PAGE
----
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Lethal injection protocol violates Montana Constitution

Betsy Griffing [legal program director, ACLU of Montana]: "This challenge to the lethal injection protocol is based primarily upon violation of the Montana Constitution, rather than violations of the United States Constitution. We feel that two provisions in the Montana Constitution make this challenge particularly strong. First, we are claiming that the three-drug formula used by the Montana Department of Corrections violates the state constitutional prohibition against cruel and unusual punishments. This state constitutional provision has been interpreted by our Montana Supreme Court as granting broader protections than the US Constitution. The basis for this broader protection is the provision in the Montana Constitution guaranteeing the right of human dignity. Art. II Section 4, of the Montana Constitution states, in the first sentence, that "The dignity of the human being is inviolable." The Montana Supreme Court has interpreted this right of dignity as enhancing or broadening the protection against cruel and unusual punishments in our jails and prisons. In the Smith case, we are claiming that this elevated protection should apply when the Montana Courts look at the lethal injection process as well. If the Courts do evaluate the lethal injection process under this standard, we believe they will conclude the process is cruel and unusual as it exposes the condemned inmate to the very great and grave possibility of significant pain and suffering during the execution.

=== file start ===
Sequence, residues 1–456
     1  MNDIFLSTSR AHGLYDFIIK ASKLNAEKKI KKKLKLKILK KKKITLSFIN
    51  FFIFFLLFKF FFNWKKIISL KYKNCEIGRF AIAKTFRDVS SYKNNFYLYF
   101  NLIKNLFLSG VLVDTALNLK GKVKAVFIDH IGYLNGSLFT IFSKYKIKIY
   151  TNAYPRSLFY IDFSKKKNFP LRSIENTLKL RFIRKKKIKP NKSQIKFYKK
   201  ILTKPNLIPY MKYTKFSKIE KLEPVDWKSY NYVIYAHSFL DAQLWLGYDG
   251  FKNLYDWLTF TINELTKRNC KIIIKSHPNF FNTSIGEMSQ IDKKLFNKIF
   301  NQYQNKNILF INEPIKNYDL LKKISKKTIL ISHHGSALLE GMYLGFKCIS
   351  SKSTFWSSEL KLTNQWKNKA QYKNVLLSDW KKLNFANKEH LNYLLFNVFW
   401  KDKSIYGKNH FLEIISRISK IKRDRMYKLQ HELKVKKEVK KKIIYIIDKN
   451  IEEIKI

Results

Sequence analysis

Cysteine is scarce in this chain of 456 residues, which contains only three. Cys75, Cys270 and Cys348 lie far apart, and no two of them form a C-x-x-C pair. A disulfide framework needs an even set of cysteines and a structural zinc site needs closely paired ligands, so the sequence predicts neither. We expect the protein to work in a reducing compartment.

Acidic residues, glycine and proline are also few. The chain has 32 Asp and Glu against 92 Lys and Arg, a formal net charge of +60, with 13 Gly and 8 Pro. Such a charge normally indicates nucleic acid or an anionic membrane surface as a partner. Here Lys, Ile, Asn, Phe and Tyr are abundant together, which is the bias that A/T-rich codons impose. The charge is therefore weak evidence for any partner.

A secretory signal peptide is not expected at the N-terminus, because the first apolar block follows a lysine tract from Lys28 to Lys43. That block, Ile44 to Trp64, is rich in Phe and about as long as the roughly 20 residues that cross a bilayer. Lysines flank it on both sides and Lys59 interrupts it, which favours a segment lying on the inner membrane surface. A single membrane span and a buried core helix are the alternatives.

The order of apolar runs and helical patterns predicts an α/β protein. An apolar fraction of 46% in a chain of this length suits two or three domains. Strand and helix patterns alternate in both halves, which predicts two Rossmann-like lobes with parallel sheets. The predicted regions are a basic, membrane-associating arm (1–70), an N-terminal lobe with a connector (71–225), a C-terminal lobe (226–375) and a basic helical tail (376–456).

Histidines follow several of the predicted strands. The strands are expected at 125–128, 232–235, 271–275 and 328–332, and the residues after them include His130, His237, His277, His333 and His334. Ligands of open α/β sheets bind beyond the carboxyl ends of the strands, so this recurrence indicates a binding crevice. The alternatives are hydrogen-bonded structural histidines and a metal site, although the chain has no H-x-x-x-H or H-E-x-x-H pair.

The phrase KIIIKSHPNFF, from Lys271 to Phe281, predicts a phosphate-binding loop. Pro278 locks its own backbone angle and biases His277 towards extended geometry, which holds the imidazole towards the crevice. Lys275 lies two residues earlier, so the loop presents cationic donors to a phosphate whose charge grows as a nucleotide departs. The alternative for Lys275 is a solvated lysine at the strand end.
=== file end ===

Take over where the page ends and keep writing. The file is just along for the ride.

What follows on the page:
Also, the lethal injection process in Montana is shrouded in secrecy. Part of this challenge is to seek, under the Montana Constitutional "right to know provision" (Art. II, Section 9, Mont. Const.), full disclosure of the training and qualifications of the execution personnel. Currently, the Montana DOC has not provided any information on the training and qualifications of the executioner or execution team. While there is a statute that provides for the confidentiality of the identity and training of the executioner, we believe that statute is unconstitutional under the "right to know" provision. We believe that it is important that the people of Montana be fully informed about how executions are carried out in their name."

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